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Article 18 of the Charter of Fundamental Rights of the European Union, for
the first time at European level, establishes the right to asylum. Moreover, even in
the Preamble states that the enjoyment of rights contained in the Charter entails
responsibilities and duties with respect to third parties and to the human
community in general and to future generations.
The Council Conclusions of 10 October 2014 claim that a motion "should be
undertaken without delay... proposing a credible number of resettlement places,
on a voluntary basis, in order to offer an alternative legal avenue and contribute to
stabilize refugees communities in partnership with UNHCR".3
In November 2016, EU countries registered 75 844 applications for
international protection. Since the beginning of 2016, 1 171 138 applications have
been recorded in the EU. This number is 6 % less than during the same period of
2015.4 Syria and Afghanistan are the main countries of origin of applicants for
Like Ian Martin said "Government... are more often motivated by self-interest
than by considerations of humanity, and this provides a further reason for those
seeking to combat human rights violations to insist upon the right of asylum.”5 The
EU needs an efficient mechanism for allocating responsibility. To this end a
fundamental change of direction has been employed.
Hence, a new reality has emerged in Europe. It has opened, at European level,
a new chapter in the legal enforcement of asylum issues and the integration of
individuals. The foundation of a united Europe is based on fundamental ideas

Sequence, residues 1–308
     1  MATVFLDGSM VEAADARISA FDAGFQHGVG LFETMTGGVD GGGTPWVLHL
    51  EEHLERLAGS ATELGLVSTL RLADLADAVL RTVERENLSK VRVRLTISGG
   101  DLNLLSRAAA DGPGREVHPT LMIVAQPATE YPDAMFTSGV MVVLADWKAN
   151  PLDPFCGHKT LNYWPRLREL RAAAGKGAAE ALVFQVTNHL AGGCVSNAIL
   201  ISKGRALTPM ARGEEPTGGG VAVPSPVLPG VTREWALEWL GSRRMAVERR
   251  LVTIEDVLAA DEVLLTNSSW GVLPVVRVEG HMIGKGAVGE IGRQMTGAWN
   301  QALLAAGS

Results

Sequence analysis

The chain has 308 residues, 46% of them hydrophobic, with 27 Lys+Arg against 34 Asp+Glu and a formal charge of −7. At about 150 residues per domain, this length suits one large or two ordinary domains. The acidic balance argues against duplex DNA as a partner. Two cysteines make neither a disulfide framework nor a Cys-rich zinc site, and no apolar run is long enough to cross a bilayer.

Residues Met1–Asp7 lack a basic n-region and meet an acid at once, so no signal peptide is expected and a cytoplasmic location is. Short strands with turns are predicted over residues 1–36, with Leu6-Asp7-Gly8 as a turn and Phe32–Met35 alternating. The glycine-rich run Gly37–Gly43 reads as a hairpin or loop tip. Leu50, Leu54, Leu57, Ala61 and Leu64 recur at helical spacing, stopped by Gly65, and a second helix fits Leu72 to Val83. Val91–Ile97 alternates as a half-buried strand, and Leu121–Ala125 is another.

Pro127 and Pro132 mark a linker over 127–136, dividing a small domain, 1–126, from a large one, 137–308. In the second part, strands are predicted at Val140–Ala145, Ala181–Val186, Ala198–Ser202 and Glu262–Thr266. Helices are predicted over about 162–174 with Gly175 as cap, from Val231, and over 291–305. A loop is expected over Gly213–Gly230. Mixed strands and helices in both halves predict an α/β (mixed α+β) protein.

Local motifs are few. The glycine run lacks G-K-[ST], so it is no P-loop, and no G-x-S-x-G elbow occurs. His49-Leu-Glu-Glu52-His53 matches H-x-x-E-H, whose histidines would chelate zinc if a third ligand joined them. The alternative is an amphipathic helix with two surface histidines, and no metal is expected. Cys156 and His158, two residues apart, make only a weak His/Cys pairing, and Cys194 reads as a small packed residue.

related to equality, freedom, and security.
In May 2015, the Commission proposed a European Resettlement Scheme
which was adopted by the Council in July 2015.
Article 78 (3) of the Treaty on the Functioning of the European Union (TFEU)
establishes that “In the event of one or more Member States being confronted by an
emergency situation characterised by a sudden inflow of nationals of third
countries, the Council, on a proposal from the Commission, may adopt provisional
measures for the benefit of the Member State(s) concerned. It shall act after
consulting the European Parliament”.6 Under this article and the existence of the
emergency situation, derogations from Dublin rules have been made. The system
establishes the rule that every application presented will be examined by, in
principle, only one “responsible State” (Art. 3(1) DRIII) European Union
Regulation 604/2013. That State is to be determined by an agreement between the
States concerned, based on a hierarchy of “objective criteria”.
3 Council conclusions of 10 October 2014 - ''Taking action to better manage migratory flows''.
4 European Asylum Support Office,Latest asylum trends – November 2016,
5 Roman Boed, The state of the right of asylum in international law, Duke Journal of Comparative &
International Law ,Vol. 5:1 ,1994, p. 1.
6 Treaty on the Functioning of the European Union.